The US military on Thursday (July 18th) shot down an Iranian drone that it said came within 1,000 yards (914 metres) of one of its naval vessels at the entrance to the strategic Strait of Hormuz.
The USS Boxer, an amphibious assault ship, "took defensive action" against the Iranian drone as it was "threatening the safety of the ship and the ship's crew", US President Donald Trump said Thursday.
"The drone was immediately destroyed," he said.
The downing of the drone comes at a time of mounting tensions in the Gulf between the US and Iran, which has been slapped with a raft of US sanctions.
"This is the latest of many provocative and hostile actions by Iran, against vessels operating in international waters," Trump said.
"The US reserves the right to defend our personnel, our facilities, and interests and calls upon all nations to condemn Iran's attempts to disrupt freedom of navigation and global commerce," he said.
"I also call on other nations to protect their ships as they go through the Strait and to work with us in the future," Trump added.
Iran on Friday denied the incident, saying all such aircraft had "safely returned" to their bases, Tasnim news agency reported.
First US military action
Tensions in the Gulf mounted Friday in the aftermath of the incident, which is the first US military engagement with Iran following a series of increasingly serious incidents.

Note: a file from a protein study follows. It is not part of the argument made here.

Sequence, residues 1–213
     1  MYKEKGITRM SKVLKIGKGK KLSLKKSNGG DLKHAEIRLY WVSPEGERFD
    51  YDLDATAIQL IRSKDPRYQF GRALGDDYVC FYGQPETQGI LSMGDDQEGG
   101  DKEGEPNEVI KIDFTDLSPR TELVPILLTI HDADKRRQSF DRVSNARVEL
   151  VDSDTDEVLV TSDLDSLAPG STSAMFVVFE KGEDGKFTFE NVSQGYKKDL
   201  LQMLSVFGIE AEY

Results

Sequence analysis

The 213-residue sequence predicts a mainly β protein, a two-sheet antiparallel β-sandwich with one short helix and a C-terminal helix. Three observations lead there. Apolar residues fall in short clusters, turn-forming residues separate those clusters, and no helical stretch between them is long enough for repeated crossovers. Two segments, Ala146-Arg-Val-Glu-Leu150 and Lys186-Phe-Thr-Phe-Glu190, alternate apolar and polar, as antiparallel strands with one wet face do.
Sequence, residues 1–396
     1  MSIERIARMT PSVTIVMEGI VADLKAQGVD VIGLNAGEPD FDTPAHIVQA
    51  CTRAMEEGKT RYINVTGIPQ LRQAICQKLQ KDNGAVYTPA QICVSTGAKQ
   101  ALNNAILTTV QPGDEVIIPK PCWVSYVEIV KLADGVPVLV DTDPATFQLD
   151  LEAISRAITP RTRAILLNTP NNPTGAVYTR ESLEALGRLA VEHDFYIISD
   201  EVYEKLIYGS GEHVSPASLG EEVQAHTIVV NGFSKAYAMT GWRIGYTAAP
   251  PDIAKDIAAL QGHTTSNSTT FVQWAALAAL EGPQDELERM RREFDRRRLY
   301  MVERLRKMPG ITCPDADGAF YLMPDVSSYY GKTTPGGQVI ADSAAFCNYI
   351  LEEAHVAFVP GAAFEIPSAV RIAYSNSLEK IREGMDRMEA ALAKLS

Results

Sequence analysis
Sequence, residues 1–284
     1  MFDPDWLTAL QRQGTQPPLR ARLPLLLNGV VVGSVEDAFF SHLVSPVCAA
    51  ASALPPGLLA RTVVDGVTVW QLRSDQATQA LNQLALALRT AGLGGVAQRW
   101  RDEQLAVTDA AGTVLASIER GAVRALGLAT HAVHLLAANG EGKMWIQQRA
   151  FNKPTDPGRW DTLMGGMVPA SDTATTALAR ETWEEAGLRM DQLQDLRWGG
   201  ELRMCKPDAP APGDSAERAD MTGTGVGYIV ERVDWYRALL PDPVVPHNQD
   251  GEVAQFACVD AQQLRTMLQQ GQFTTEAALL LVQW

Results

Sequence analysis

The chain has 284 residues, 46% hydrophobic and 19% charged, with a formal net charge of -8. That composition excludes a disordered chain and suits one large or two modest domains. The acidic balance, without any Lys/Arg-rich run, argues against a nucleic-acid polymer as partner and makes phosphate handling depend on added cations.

The confrontation came as Iran defended its detention on Sunday of a "foreign tanker" believed to be the Panamanian-flagged vessel Riah and its 12 crew.
The incident comes after a series of low-level attacks in the region blamed on Iranian forces, including placing limpet mines on several tankers, as well as attacks by Iranian proxies in Syria and Yemen.
In May, the Pentagon announced the deployment of an aircraft carrier strike group and a bomber task force to waters near Iran in response to "indications of a credible threat by Iranian regime forces".
Iran downed a US surveillance drone in June, prompting Trump to order airstrikes against Iran. But he called them off at the last minute, saying the plan was not "proportionate" and casualties would have been too high.
On July 4th, Britain seized a fully loaded Iranian oil tanker near Gibraltar, allegedly headed for Syria in violation of sanctions.
One week later, armed Iranian boats menaced a British tanker in the Gulf before they were driven off by a Royal Navy frigate.
That led to US calls for an international flotilla to escort hydrocarbon-laden vessels from Gulf oil fields through the Strait of Hormuz.
US Central Command chief Kenneth McKenzie pledged Thursday to work "aggressively" with partners to ensure freedom of navigation in Gulf waters.